How to Choose a Bike for Bikepacking

For some, Bikepacking explores off-pavement roads and trails, which makes a mountain bike an ideal.

But in reality,, there’s no one bike right for bikepacking.  You can literally use everything from road bikes to full-suspension rigs, and everything in between, for your explorations.

With that, finding the best bike for you requires knowing what you’re most likely to do, your priorities, accepting that certain tradeoffs are par for the course.

And Keep in mind that getting into bikepacking does not mean you have to buy a bunch of new expensive gear.

The bike you already have could very well get you riding today!

So as you’re moving through this, keep in mind the gear you already own.  From there, decide whether or not it will work for the types of adventures you want to take.

Key’s for Choosing a Bike for Bikepacking

  1. What type of riding?: This is most important.  Do you see yourself riding mostly on road or offroad?  And how technical?
  2. Choose suspension or rigid: This is 100% personal preference.  The longer and more varied the riding, the less suspension you’ll probably want.
  3. Select a tire size: You can ride anything here too, and it’s mostly a preference thing.  But keep in mind that larger wheels and tires provide a faster, smoother ride. So if you think more road is in your future, go bigger..


Naturally, a bike that’s built for pavement is not the best choice for rugged singletrack trails. But gravel bikes do remarkably well.  

So when, choosing a bike for bikepacking, it’s super important to think about the type of terrain you’d like to ride on and let that define the kind of bike you need.

  • Mixed surfaces (pavement, dirt roads): If your terrain is likely to include it all, and included long stretches on each you’re likely going to be best served with either a gravel bike, or a rigid mountain bike.
  • Gravel roads, forest roads and doubletrack: If you’re more dirt and gravel than pavement, a rigid mountain bike is likely your best best.  They’re a little slow, but the wide tires offer a pretty big pick up in comfort. And the other option here is a wide tired gravel bike.
  • Technical Singletrack: If you’re finding yourself on technical single track, you’re likely not going to be there for long stretches.  But if you really think you will, a full suspension cross country bike will be a great option for you.


Suspension is great for smoothing out rough trails, but it also adds weight and design complexity to your bike. For this reason, most bikepackers try to match the type and amount of suspension to the terrain they’ll be riding.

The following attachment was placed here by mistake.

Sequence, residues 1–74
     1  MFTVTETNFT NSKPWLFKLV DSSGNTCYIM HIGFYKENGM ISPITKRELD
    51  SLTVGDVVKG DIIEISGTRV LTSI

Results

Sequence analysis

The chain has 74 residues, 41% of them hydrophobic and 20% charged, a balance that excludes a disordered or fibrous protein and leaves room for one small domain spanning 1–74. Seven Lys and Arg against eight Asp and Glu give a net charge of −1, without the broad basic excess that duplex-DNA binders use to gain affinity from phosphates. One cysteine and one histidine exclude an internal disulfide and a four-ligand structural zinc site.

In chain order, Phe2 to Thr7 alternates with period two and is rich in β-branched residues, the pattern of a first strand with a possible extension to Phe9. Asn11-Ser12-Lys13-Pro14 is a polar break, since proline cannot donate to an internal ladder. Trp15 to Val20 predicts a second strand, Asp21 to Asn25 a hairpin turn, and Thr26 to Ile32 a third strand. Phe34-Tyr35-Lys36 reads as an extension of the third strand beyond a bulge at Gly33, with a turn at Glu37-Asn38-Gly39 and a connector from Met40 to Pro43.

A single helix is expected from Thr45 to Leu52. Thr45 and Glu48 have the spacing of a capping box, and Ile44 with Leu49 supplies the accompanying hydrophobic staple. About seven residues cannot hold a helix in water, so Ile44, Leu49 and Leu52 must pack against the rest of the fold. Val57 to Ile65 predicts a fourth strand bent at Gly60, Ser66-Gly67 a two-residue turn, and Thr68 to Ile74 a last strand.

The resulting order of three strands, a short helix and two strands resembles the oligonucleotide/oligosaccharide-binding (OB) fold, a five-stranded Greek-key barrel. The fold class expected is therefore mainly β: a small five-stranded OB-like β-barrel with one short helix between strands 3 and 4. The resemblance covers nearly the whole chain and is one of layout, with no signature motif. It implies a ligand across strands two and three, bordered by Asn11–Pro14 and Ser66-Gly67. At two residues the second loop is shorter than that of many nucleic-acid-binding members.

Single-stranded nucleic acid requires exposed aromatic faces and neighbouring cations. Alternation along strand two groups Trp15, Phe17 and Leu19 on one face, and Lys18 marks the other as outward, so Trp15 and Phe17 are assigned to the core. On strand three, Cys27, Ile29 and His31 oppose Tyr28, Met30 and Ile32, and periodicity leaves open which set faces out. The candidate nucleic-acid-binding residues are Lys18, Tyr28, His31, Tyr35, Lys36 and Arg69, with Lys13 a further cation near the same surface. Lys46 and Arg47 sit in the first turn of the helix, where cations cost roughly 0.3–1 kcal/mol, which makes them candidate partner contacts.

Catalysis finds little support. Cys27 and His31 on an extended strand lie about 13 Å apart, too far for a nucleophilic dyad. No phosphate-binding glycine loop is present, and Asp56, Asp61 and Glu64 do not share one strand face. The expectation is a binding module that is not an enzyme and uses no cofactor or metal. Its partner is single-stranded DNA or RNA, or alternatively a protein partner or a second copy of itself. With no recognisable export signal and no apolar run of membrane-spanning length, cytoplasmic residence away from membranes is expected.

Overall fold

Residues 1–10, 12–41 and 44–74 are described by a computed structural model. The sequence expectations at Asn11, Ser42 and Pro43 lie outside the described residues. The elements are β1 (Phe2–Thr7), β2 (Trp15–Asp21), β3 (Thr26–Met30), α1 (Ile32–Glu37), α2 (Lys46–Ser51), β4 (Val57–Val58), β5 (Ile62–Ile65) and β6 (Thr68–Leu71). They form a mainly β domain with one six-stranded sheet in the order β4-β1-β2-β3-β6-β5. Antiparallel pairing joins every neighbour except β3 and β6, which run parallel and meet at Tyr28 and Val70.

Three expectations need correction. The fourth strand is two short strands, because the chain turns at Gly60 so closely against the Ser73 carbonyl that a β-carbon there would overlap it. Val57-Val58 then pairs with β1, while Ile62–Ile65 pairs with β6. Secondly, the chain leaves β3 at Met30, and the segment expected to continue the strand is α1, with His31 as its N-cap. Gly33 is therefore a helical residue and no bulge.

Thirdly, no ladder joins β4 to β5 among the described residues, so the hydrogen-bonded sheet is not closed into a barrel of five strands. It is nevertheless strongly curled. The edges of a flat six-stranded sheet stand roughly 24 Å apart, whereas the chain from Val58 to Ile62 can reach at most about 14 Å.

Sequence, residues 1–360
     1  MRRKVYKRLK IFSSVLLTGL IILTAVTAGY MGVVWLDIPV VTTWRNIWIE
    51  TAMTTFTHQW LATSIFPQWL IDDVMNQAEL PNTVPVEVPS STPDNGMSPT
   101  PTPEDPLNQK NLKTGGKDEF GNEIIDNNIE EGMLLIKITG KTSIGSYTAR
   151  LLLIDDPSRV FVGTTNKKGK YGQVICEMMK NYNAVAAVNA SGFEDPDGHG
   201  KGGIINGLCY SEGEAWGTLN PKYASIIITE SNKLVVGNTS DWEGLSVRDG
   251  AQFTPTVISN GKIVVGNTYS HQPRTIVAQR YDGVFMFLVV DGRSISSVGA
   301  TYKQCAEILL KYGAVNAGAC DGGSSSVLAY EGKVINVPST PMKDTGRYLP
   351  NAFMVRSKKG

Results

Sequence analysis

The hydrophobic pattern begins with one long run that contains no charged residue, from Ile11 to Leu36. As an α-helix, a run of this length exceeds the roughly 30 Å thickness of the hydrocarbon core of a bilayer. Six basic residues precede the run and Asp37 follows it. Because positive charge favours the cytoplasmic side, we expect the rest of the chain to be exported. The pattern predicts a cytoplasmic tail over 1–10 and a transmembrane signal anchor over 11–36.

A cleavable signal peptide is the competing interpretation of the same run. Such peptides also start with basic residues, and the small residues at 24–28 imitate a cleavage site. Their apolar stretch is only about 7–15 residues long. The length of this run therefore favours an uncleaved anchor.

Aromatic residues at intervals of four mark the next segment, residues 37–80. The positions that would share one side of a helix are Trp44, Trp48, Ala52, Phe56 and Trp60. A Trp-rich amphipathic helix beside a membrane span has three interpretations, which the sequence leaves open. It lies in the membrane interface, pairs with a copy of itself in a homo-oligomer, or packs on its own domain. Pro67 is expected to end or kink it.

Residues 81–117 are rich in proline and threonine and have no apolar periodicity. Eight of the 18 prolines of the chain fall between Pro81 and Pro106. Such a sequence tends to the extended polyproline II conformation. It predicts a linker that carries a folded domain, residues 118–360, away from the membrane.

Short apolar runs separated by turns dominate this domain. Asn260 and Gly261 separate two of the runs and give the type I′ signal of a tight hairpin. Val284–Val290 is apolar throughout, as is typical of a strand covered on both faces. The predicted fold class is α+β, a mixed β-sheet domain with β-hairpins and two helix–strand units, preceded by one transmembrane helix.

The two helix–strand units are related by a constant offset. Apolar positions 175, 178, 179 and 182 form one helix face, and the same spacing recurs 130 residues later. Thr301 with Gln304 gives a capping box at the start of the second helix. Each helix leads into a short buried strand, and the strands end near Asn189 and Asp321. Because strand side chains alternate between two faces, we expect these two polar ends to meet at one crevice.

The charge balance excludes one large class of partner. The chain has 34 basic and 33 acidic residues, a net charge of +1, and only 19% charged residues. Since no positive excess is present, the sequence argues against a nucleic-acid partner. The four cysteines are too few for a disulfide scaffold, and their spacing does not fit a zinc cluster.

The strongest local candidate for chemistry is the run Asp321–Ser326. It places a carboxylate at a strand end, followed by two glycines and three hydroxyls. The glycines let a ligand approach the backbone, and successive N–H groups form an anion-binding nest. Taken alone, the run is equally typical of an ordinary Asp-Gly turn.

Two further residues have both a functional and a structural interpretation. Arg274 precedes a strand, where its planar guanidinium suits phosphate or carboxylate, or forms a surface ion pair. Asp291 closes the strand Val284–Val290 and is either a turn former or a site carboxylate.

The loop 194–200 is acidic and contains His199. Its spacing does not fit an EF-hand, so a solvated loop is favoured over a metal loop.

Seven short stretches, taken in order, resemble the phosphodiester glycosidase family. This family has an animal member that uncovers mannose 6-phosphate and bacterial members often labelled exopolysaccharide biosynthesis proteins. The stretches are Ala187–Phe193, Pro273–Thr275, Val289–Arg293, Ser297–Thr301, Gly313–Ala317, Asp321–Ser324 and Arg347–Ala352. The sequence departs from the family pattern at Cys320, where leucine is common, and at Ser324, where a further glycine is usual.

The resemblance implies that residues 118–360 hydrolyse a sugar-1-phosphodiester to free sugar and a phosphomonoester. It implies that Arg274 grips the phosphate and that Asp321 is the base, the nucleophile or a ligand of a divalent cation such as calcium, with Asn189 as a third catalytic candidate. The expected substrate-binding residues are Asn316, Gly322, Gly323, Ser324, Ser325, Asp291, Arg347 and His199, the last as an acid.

Typically, the more varied terrain and the longer distances the less suspension you’ll want or need.

Here are some suspension options for bikepacking:

  • Fully rigid (no suspension): Without any suspension, rigid bikes have less that can break.  But, they require a higher degree of patience and skill for technical terrain. Many bikepackers find rigid bikes to be the right choice.
  • Hardtail (front suspension fork):  The addition of a suspension fork will help you navigate trails with some roots and rocks, and will make riding gravel roads at high speeds more pleasant.  But it will also complicate your gear storage.
  • Full suspension: If you’ll be frequenting technical single track, a full-suspension ride might be for you. Be aware that the rear shock on most full-suspension bikes will reduce the space available for a frame bag for hauling gear.

Wheel Size

Most touring bikes, cyclocross bikes and gravel bikes come with the standard road wheel size, which is 700c, and some can run as wide as 2 inches.  Some too, run mountain bike wheels that are 27.5”. These smaller wheels allow you to use fatter tires for a more comfortable ride, which can be nice when you’re not on pavement.

If you’re thinkink you want a mountain bike, you have a couple choices: 27.5 in. and 29 in. (29er) wheels.

Many mountain bikers insist that 29er wheels are best for long-distance trips because of their rolling efficiency, while others prefer 27.5 in. wheels for their responsiveness and nimbleness. There are pros and cons to each size and a lot of it comes down to what you like or which one gets you riding soonest.

Tire Size

You’ll want to check the clearance in you frame and fork, and decide what type of terrain you want to be prepared for, but when you’re carrying extra weight, extra width  will be your friend.

They’ll help smooth the ride, and provide extra traction.  This coupled with varying your tire pressure, you’ll likely find the perfect setup

As you can imagine, there’s a lot that goes into choosing the bike that’s best for you.  Take your time, and think it through. And, if you want some expert guidance, give one of our stores a call and we can help you choose the best bike for you next adventure!

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